Nigeria has been warned by FIFA that it will be stripped of the hosting rights for this year’s world under-17 championship unless there’s a marked improvement in preparations.
FIFA Vice President Jack Warner this week conducted an inspection visit to the West African nation, reporting that just two of nine venues were close to readiness for the tournament, scheduled for October 24 – November 15.
Warner delivered a damning assessment of Nigeria’s ability to host the event, but says he’ll recommend a one-month grace period for work on venues to show signs of significant improvement.
“When the grace period expires, FIFA will return to visit the venues and if each and every one of them does not reach the 100 percent readiness level that we expect, then FIFA will withdraw the tournament hosting rights from Nigeria and go to another country,” Warner told journalists in Lagos.
“Frankly, from an objective point of view, Nigeria is not ready to host the tournament.”
Only stadiums in Abuja and Lagos are considered by FIFA to be nearly ready for the tournament. Two other proposed venues have been struck off the list while the FIFA delegation did not visit the stadium in Warri because of security concerns.
The situation is disappointing for FIFA President Sepp Blatter, a key proponent of the plan to allow the African continent to host both world junior championships in 2009, to reinforce the legacy of South Africa’s 2010 World Cup .
But Blatter’s proposals were met with little enthusiasm by African countries, with FIFA receiving few formal bids for the under-20 and under-17 events.
Eventually, Egypt and Nigeria, who have both previously staged such events, were persuaded to host again because of an absence of suitable candidates.
FIFA Turns 105
Celebrating its 105th year as football’s global governing body, FIFA has reflected on its rich organizational history and some of the outstanding sporting personalities that have lifted football to become the world’s dominant sport.
Recent research was cited by FIFA to demonstrate the importance of the game to the average person.
“A study conducted in England last month found that almost 60 percent of men think about football for over one hour each day. This addiction is not exclusive to those born in the birthplace or football, or indeed to men,” FIFA says.
And of course, when paying tribute to the enormity of the sport, there must also be a mention of its most famous disciples and greatest sportsmen, Brazil’s Pele.
“Football is the greatest sport in the world,” Pele explains. “It’s a global obsession embraced by men, women and children. It’s the beautiful game.”
Pele is but one of the countless sources of infectious magic that have transformed football into the fixation it has become today, FIFA says, noting there were many other
players, including Ferenc Puskas, Johann Cruyff and Zinedine Zidane.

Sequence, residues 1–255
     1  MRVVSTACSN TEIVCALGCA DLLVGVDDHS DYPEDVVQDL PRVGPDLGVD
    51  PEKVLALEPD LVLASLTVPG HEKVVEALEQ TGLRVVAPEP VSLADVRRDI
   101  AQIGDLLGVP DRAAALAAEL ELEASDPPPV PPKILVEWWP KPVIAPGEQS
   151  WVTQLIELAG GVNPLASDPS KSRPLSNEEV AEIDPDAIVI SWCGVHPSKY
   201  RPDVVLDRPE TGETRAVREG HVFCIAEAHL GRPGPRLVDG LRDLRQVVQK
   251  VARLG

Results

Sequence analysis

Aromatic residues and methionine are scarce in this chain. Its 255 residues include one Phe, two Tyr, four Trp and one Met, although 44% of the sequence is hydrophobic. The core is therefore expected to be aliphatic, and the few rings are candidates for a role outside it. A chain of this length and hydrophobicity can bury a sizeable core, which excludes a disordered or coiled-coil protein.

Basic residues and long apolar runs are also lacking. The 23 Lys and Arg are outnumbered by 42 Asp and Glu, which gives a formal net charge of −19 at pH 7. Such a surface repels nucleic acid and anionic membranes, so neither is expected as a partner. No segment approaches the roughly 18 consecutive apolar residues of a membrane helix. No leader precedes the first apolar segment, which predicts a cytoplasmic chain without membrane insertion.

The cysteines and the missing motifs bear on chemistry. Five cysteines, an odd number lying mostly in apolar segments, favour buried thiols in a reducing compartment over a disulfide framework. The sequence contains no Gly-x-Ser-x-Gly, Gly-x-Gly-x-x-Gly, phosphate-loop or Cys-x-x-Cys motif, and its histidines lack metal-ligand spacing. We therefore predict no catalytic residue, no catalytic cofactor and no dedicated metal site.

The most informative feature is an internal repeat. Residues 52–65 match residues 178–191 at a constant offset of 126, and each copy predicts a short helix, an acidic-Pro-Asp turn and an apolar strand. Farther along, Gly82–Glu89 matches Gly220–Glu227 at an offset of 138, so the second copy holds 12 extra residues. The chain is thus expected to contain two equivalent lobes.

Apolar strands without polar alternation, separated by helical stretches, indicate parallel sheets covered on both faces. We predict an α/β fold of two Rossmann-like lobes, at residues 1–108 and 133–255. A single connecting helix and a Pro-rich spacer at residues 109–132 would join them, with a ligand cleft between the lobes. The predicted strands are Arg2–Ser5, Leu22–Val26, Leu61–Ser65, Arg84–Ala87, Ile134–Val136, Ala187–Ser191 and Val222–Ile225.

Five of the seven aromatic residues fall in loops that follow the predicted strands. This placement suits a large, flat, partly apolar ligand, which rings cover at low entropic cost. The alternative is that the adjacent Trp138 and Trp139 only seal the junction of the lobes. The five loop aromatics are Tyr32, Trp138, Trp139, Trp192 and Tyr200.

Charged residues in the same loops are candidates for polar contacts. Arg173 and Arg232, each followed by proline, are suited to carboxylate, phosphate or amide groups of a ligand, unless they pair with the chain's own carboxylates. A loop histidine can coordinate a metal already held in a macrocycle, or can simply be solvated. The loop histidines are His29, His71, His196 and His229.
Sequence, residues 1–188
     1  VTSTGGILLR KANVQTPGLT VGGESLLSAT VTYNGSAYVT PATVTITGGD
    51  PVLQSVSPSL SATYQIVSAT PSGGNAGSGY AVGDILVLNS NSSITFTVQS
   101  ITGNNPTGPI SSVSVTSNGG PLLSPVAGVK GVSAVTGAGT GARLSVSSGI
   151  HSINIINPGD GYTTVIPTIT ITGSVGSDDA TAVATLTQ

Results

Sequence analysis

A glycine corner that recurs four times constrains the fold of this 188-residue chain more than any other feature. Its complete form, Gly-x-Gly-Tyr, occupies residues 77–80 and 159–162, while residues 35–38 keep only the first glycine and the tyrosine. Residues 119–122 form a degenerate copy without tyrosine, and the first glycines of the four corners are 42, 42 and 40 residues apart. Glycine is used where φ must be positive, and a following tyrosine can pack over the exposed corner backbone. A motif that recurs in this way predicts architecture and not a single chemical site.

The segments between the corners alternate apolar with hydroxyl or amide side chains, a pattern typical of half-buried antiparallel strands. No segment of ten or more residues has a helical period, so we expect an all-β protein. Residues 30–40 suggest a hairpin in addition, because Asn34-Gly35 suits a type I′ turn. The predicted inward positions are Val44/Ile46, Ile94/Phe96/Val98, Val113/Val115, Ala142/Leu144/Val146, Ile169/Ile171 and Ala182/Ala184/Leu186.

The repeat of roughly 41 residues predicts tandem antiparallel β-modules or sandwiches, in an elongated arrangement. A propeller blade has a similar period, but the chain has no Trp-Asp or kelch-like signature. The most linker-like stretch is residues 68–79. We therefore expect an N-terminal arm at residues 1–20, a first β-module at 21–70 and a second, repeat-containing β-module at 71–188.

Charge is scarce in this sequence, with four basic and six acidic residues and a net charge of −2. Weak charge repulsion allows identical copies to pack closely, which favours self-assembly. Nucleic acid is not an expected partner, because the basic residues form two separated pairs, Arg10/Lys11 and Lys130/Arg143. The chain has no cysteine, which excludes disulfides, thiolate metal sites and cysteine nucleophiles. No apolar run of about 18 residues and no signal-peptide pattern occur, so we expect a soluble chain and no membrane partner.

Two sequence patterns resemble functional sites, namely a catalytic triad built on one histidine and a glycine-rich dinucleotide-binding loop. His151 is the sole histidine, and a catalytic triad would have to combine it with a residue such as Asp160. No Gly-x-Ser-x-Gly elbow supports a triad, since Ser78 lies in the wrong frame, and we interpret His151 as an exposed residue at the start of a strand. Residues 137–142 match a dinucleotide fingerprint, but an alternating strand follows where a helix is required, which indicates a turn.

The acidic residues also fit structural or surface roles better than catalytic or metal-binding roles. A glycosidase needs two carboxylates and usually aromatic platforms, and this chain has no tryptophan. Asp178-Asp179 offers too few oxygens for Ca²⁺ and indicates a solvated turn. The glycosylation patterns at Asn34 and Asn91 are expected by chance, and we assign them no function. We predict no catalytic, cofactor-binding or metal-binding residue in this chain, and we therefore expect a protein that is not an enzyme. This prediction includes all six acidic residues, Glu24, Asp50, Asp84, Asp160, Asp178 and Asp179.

FIFA’s stroll down memory lane goes on to highlight matches including Portugal-Korea DPR and Germany-Italy at the respective FIFA World Cups of 1966 and 2006 and the FIFA Club World Cup Japan 2007 final between AC Milan and Boca Juniors.
When it comes to memorable goals, the one scored by Argentina’s Diego Maradona following an exceptional dribble against England at 1986 World Cup finals in Mexico and Rabah Madjer’s goal for Porto against Bayern Munich in the European Cup final one year later.
While these inspirational character and moment are often taken for granted, FIFA says that had it not been for the foundation of a governing body, millions upon millions of enthusiasts the world over may not have had the chance to “revel in football’s incomparable splendour.”
“Football brings people and groups together,” FIFA President Sepp Blatter says. “It can break barriers and give people hope. It is a wonderful source of entertainment and emotion that represents over one billion people.”
FIFA President “Saddened” by Hooliganism
FIFA President Sepp Blatter says he’s “saddened” and “disappointed” at recent football violence in Switzerland.
He was referring to two incidents in less than a week which fans engaged in pitched battles with law enforcement officers.
Ten people were injured and 64 arrested mid-week when fighting broke out before and after the Swiss Cup Final in Bern.
Last Sunday twelve people were arrested after a riot following a match between FC Zurich and Basel.
Blatter says urgent measures must be enacted to prevent such crowd disturbances and suggested eliminating standing-only places in stadiums with seated areas as a means of maintaining a calm atmosphere among fans.
Brazilian Player Sued for Contract Breach
Brazilian Matuzalem and Real Zaragoza have been ordered this week by the Court of Arbitration for Sport to pay Shakhtar Donetsk almost $16.5 million for breach of contract.
The midfielder kicked off a five-year stint with the Ukrainian club in 2004 but in mid-2007 told Shakhtar he was unilaterally terminating the contract. He later joined Spain’s Zaragoza before moving to Italy’s Lazio on loan this season.
Shakhtar took the matter to FIFA, demanding payment of $35 million, the figure the contract stated would need to be paid should the contract be terminated early.
The case ended up at CAS with the player and Zaragoza arguing Shakhtar should only receive $3.22 million and the Swiss-based court decided on an in-between figure, deducting the salary amounts Shakhtar have not had to pay, among other factors.
“Real Zaragoza is jointly and severally liable for the payment of the aforementioned amount,” the CAS statement said.